"This is beginning to feel like the long-winded blues of the never" His pronunciation becomes assured and quick. The word never means a lot. The music matches him beat for beat, getting louder as he gets angrier. Who can say that you will never mean anything? Who can say for sure that something will 'never' happen? "This is beginning to feel like it's curling up slowly and finding a throat to choke." He spits out words like accusations at a trial all volume and fire. Death must take someone, it comes to all of us. Someone close to him. "Barely controlled locomotive consuming the picture and blowing the crows, the smoke." Death is a train now. Crows, those that haunt cemeteries, smoke all that remains once it has taken any lingering hope of legacy, burned it as fuel and continued on its way, your memory not formidable enough to stave off becoming what all people become - dust. "Static explosion devoted to crushing the broken and shoving their souls to ghost."As if it needed to be said - death. You will be forgotten. The musical elements - organ, drums, percussion, the backing vocals, a new screaming ghost-like synth line in the back of it all - all whirling around each other behind Adebimpe's mighty cries. Nearly deafening in it's combined power. "Eternalized. Objectified. You set your sights so high." To want to achieve immortality is but the wish of a immature child. "But this is beginning to feel like the bolt busted loose from the lever." An error to be corrected, nothing special.
Just when things seem at their peak - volume, anger, argument - then comes the gut punch that carries you to the end of the tune. Quiet, the eye of the storm and then Adebimpe roars out like every kid killed before his time - the choir of the unsatisfied dead. "Never you mind Death professor" like a circular saw tearing through the notion of the afterlife and every frocked consoler who champions forgetting and moving on. "Your structure's fine, My dust is better" more bitter sarcasm as the volume reaches its peak. Your way of looking at things is the superior one to mine, that I'm dust and nothing more is acceptable. I should just move on. "Your victim flies so high All to catch a bird's eye view of who's next." Heaven exists simply so that you look down onto Earth and see which of your friends will be turned to dust next. Your life on earth is just a stepping stone - now get over it. This childish world view, designed to get children to behave has infuriated intellectuals for centuries - Adebimpe's concern is simply voiced louder. Loud enough for all to hear. "Love is life, My love is better." The horns come in beneath it all like the voice of the long dead joining in on the indictment of millions of years of backwards thinking. "Eyes could be the diamonds Confused with who's next" Who shall go next? "Your shocks are fine, My struts are better. Your fiction flies so high, Y'all could use a doctor Who's sick, who's next?" The doctor quip could be a few things - those who believe in death being the next stop could need their head examined. Those who think that they should lay down and wait for death as it grants all our wishes could also use a physician to slow the decaying down. The end draws near. "Electrified, my love is better It's crystallized, so am I. All could be the diamond Fused with who's next," My love is crystallized and I am too. Like a mosquito encased in amber, all your feelings, impact, interests, passion, all of it encased forever; it is unmoving and affects no one. You're body and everything you've done are at rest never to move again.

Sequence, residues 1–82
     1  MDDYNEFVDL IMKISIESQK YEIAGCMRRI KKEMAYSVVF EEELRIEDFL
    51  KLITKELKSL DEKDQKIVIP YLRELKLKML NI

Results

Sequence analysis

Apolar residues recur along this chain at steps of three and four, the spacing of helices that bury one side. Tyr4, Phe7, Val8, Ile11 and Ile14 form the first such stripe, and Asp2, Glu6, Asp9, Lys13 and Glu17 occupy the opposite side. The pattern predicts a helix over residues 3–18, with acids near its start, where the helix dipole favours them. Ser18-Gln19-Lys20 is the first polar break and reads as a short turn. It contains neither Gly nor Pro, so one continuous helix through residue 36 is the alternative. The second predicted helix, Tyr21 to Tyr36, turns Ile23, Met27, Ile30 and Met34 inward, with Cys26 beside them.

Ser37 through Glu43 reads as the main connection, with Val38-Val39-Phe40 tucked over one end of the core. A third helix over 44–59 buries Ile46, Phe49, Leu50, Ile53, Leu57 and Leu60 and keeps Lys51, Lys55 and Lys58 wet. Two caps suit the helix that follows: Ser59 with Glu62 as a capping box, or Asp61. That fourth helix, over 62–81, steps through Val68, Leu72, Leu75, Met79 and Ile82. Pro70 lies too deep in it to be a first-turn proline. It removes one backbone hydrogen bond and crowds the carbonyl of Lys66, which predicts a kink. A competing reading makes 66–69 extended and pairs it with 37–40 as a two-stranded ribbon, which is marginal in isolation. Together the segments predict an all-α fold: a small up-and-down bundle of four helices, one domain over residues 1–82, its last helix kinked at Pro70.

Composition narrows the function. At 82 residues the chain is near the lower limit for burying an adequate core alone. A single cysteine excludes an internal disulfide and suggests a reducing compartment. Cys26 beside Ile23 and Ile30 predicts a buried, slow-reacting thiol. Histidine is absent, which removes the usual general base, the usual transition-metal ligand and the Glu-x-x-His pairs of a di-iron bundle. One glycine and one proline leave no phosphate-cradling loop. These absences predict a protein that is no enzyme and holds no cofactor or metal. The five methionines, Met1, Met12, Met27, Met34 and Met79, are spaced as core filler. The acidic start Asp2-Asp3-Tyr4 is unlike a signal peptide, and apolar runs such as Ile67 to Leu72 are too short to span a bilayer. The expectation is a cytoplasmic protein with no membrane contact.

The message has been sent, we must now receive it. The music quiets and things return from the crazed heights they'd just reached. "This is beginning to feel like the dawn of a loser forever". Perhaps birth, perhaps death. Dawn of a loser forever. Anyone who feels life is secondary to the afterlife? Anyone who died believing they meant nothing on earth and shall forever mean nothing? Anyone who, with that in mind, decided never to make anything of themselves? Anyone who thought the love they gave in their lifetime, the skin they touched, the lives they've changed, wouldn't last longer than the seconds it takes to bury them? Adebimpe repeats the line again and again as things fizzle out, as things die. The message, the song, the voice, will live on even after everyone dies.